Because of the nature of it, the fact that you're using hot air as essentially a squeegee on the surface of the board it's anything but coplanar. There's a lot of variation in it. I don't care if you're talking about leaded or lead-free HASL. It's still an issue.

It's not a great methodology to use for surface mount. There's even a question about what it's doing to the integrity of the surface of the circuit board. 

Jim
Another general issue that's raised is the ability to screen print reliably on surfaces that are not flat. Since most people, particularly with larger pitches as this indicated here with the .6 mm ball probably indicating a one mm or40 mil pitch part, that would allow you to use area reduction on your stencil apertures to assure good gasketing.

Gasketing between a rectangular aperture and a domed surface on the pad is going to be problematic in any case, so that's another issue independent of components.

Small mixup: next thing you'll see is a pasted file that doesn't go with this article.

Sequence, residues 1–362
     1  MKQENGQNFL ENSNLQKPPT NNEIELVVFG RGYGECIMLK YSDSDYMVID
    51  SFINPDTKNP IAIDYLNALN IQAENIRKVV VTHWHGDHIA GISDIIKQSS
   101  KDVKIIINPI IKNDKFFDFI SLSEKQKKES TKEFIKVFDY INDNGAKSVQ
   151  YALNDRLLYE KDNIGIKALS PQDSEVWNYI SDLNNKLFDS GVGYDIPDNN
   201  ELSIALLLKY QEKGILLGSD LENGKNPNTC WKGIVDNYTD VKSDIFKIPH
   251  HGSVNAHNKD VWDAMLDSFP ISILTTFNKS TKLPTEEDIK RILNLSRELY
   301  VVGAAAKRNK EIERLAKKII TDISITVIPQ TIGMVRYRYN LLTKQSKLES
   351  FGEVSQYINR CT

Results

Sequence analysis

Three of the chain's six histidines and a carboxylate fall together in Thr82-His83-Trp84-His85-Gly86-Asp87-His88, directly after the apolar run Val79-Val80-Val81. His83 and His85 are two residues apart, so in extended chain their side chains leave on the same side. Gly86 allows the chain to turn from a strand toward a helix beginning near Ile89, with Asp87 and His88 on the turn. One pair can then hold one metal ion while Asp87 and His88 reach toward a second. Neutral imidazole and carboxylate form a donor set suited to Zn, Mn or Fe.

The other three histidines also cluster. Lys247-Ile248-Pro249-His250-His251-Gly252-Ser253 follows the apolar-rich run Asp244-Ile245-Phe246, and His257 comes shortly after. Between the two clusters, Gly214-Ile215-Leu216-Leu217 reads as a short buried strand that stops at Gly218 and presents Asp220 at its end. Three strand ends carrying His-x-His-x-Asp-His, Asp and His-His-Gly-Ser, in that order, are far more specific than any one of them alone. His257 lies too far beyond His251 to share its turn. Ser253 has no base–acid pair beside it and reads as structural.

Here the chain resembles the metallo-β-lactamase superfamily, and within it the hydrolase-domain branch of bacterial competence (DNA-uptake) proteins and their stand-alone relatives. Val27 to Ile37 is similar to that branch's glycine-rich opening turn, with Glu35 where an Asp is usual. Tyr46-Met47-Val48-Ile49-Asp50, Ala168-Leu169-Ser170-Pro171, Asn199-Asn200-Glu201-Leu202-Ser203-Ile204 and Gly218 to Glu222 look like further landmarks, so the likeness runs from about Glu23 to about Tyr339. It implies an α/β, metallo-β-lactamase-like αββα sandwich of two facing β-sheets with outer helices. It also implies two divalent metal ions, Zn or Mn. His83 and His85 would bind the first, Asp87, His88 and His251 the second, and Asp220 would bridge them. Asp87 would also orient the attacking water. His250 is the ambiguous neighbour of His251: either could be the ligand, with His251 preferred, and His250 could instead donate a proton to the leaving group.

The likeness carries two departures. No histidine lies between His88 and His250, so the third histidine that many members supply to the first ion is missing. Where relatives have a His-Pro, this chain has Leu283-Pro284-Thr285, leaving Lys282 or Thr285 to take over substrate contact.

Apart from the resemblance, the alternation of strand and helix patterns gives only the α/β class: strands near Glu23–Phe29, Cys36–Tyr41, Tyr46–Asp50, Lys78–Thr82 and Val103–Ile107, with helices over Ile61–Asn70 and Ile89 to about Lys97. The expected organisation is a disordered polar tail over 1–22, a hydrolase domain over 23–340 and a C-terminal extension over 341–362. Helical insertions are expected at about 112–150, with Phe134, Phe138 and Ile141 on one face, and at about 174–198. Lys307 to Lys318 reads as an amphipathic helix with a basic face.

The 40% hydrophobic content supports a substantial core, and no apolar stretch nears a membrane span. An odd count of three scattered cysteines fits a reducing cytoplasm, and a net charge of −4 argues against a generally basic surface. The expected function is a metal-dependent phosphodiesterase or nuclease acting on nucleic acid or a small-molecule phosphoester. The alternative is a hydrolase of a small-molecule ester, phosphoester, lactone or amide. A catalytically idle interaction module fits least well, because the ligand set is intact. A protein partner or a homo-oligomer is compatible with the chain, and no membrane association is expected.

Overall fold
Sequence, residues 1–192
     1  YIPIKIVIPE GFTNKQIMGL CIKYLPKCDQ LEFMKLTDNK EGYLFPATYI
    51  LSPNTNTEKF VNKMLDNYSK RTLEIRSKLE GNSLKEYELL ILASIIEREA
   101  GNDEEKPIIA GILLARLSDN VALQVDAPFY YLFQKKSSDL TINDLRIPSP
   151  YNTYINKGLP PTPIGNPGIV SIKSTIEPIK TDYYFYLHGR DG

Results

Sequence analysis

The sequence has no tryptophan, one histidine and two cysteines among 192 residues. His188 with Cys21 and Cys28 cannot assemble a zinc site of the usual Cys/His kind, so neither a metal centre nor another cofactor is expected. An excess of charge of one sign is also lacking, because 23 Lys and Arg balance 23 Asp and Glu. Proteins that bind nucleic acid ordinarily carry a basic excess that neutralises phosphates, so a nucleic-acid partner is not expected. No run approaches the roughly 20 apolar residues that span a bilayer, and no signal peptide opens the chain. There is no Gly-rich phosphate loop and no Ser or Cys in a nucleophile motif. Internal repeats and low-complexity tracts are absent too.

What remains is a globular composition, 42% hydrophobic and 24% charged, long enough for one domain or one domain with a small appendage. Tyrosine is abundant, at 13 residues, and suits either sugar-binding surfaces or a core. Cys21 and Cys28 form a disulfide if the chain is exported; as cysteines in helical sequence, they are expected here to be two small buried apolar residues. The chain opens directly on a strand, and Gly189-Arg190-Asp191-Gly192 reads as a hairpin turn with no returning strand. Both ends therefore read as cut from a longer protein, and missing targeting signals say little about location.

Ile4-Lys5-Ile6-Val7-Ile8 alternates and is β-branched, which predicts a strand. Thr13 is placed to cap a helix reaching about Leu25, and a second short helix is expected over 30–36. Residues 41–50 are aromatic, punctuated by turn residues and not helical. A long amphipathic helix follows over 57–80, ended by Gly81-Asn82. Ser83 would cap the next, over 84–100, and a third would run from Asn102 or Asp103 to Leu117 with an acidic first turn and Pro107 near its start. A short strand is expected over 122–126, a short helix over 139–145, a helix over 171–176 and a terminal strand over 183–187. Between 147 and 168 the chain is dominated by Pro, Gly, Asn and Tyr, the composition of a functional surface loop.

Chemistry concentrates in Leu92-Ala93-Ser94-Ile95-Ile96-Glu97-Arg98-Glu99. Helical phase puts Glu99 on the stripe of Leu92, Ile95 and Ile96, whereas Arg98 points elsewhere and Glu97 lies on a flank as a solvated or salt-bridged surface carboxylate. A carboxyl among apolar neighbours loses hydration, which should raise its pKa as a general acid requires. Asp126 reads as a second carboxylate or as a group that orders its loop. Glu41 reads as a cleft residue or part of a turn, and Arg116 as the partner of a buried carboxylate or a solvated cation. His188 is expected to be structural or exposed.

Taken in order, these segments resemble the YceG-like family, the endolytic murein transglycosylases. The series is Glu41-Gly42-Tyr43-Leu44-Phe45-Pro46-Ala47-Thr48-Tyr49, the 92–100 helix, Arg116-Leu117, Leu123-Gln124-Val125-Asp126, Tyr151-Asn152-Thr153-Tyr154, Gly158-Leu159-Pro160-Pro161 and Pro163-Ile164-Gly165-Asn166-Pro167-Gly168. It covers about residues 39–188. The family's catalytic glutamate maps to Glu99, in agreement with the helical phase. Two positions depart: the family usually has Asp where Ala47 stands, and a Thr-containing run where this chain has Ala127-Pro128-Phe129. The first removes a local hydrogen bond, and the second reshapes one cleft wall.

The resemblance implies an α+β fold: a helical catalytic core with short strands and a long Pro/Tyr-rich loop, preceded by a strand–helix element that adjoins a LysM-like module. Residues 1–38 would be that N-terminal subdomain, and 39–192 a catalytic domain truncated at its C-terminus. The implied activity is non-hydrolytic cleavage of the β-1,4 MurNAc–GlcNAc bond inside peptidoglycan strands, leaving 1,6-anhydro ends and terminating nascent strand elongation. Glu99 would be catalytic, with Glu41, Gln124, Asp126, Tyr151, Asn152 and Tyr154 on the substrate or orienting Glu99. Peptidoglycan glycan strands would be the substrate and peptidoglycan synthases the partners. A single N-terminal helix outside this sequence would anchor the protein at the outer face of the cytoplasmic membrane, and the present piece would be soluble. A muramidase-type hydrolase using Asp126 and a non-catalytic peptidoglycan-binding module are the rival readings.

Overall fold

If you don't get good gasketing, solder paste can squeeze out under the pads and give you bridges and solder balls.

Phil
My question is why is this informed customer requesting the HASL surface finish? We think HASL's a bad idea anytime surface mount is involved. There's your answer.

You've been listening to Board Talk. What ever you do, what ever you're soldering, what ever the finish ...

Jim
Don't solder like my brother. 

Phil
Don't solder like my brother either. 

Comments

I would also add not only you have the coplanarity issue you also have no control of the amount of solder on each pad as HASL will not be consistent. What type of solder does the board house use for the HASL? You will then add paste and create varied volume of an unknown alloy cocktail of sorts. I Would suggest ENIG.
Darren Pieczynski, Burton Industries
The smaller the ball diameter of the BGA, the more standard HASL can affect finished solder joint uniformity between the BGA and the board pads. HASL is not a uniform finish, it can vary wildly from pad to pad and from one section of the PWB to the another due to variations in the air knives leveling the solder and other factors. Some fabricators/processes are better than others also. My general rule of thumb is that for BGA ball sizes greater than about .030" diameter and edge-to-edge ball spacing of about .010" or greater, HASL finish is generally just fine. but for ball diameters or spacing less than that I would not use HASL.